There were so many poignant memories of this experience. One of the most lasting for me was of a young Indian woman who greeted us, listened, then closed the door to her home while standing outside with us. As she stood on her porch she bowed her head, nodding in approval while we talked about the necessity of removing prejudice of all kinds - racial, religious, ethnic, intellectual, etc. I explained that there must be a spiritual solution to the economic problems afflicting our world today, that we must remove the extremes of wealth and poverty and create a more balanced society free of deceit and greed, and that governments and politics cannot necessarily bring this about. She listened so genuinely, with the most sincere respect. She said that her children were participating in a neighborhood Sunday school program, and I was so glad that she knew the importance of educating the children, especially the girls as they are responsible for so many things in family life.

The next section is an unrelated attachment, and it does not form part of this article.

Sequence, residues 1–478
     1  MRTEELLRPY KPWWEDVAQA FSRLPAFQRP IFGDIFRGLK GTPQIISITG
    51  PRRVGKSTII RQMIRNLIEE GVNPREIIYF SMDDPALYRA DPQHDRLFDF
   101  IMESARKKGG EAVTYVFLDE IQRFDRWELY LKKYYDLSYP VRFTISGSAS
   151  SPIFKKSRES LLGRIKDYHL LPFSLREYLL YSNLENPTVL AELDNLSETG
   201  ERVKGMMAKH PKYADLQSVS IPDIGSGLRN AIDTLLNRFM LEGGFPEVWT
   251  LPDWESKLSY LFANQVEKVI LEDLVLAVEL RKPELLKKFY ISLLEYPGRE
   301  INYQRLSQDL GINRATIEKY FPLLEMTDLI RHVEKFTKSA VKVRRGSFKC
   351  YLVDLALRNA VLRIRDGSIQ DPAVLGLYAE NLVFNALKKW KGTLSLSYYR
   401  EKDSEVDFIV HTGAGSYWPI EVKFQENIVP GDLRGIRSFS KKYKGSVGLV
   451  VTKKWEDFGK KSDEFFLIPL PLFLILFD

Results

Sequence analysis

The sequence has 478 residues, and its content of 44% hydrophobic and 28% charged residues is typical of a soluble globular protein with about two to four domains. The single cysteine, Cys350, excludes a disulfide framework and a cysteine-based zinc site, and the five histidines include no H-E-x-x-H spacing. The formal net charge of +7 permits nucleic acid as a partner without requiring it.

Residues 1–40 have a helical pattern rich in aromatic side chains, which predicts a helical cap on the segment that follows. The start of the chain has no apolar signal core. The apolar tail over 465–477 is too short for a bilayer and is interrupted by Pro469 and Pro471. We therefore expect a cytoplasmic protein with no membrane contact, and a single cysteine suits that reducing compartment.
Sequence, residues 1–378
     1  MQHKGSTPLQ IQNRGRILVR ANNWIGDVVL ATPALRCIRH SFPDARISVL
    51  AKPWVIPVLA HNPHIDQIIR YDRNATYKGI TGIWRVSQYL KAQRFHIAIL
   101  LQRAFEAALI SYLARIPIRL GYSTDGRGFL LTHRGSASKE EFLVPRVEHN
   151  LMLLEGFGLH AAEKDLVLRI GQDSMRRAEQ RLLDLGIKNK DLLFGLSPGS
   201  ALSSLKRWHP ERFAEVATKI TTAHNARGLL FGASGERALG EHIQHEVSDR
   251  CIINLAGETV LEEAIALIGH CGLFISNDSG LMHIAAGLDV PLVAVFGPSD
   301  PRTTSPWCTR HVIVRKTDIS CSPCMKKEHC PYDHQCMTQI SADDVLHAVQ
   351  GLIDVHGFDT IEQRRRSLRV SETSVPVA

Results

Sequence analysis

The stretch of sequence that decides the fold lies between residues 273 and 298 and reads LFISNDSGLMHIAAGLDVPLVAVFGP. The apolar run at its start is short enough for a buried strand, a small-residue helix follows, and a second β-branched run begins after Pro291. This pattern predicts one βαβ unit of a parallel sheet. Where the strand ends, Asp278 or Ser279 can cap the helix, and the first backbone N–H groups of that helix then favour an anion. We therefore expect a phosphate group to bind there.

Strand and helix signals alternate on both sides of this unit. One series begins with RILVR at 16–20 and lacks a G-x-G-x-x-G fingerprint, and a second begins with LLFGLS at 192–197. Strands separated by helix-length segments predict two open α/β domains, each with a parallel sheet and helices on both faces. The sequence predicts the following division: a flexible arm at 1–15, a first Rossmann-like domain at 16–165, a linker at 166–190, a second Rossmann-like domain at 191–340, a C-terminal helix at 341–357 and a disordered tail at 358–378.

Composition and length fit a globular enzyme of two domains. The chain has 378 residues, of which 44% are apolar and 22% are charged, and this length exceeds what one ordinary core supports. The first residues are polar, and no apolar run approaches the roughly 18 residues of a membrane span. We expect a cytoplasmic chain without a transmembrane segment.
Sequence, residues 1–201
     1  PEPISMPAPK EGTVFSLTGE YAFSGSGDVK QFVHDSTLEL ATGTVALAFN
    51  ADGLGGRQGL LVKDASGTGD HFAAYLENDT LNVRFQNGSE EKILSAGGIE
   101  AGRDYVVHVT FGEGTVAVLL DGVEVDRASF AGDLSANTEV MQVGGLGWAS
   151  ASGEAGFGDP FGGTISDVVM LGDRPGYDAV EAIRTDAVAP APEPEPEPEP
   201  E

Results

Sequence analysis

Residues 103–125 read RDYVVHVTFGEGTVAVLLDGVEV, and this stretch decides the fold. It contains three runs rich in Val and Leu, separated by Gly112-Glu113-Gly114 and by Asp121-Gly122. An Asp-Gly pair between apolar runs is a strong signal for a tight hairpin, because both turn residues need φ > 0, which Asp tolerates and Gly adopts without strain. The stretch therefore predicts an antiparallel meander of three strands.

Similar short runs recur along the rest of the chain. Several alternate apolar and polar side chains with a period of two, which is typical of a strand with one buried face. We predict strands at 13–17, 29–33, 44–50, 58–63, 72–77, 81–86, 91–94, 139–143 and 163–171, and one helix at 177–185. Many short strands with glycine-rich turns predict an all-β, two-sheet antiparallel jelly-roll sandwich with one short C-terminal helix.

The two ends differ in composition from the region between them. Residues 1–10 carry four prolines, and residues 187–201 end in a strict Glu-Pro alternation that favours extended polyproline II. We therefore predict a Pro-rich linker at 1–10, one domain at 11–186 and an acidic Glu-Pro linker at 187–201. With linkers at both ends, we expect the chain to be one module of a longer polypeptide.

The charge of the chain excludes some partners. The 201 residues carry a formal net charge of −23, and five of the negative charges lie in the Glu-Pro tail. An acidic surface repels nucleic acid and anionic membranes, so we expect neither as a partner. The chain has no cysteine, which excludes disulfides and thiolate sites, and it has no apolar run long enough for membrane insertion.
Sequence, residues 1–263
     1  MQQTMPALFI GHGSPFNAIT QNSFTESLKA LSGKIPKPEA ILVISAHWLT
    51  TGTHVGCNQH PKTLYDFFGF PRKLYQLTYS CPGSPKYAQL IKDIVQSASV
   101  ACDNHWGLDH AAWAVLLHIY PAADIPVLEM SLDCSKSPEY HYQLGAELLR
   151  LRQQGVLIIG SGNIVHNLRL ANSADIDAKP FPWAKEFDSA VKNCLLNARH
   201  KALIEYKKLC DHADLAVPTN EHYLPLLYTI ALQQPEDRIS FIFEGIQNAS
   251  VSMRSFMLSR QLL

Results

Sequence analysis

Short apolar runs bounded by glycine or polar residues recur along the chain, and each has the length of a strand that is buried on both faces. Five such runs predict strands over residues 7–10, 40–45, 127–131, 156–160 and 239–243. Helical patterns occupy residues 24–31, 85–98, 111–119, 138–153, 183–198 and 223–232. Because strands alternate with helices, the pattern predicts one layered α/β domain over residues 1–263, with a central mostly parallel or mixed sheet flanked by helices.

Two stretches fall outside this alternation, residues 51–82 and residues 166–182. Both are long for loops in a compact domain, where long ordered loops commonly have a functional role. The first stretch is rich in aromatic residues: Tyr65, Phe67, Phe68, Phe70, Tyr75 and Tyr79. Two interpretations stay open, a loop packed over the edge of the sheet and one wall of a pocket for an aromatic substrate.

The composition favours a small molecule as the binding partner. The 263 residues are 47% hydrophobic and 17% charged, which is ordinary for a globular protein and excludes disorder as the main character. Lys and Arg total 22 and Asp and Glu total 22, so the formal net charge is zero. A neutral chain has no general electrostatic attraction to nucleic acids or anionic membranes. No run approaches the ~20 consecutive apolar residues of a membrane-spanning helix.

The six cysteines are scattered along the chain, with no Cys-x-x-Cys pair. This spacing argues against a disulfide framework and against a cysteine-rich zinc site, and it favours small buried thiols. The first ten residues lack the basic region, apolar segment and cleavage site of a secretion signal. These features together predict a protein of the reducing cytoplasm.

Our home was the 'base of opera
tions' on the weekend, and I took a lot of photos which I'll post in our Flickr account. Nancy here on the left provided brunch and dinners, getting up at 4:00 a.m. to prepare quiches, cornbread, and fruit salad, for all of us. This photo was just after she had delivered our dinner Friday night.

Just a few of my favorite shots:
Betty, her new baby, and her sisters in the Joseph family.

Kip, listening to Anna's Presentation at Toby's. Kip recited several prayers in Samoan which is a beautiful-sounding language. The King of Samoa, King Susuga Malietoah Tanumahfili II, became a Baha'i in May 1973 and helped to place the foundation-stone at the Baha'i House of Worship in the city of Apia, Samoa in 1979. This House of Worship is referred to as the Mother Temple of the Pacific Islands.

And George, keeping the little ones entertained so the adults can talk. George took a week's vacation off from work so he could participate in the teaching efforts on Hilltop. It was an incredibly busy, intense week, and so satisfying.

Thursday, March 27, 2008

A Little Kindness Travels A Long Way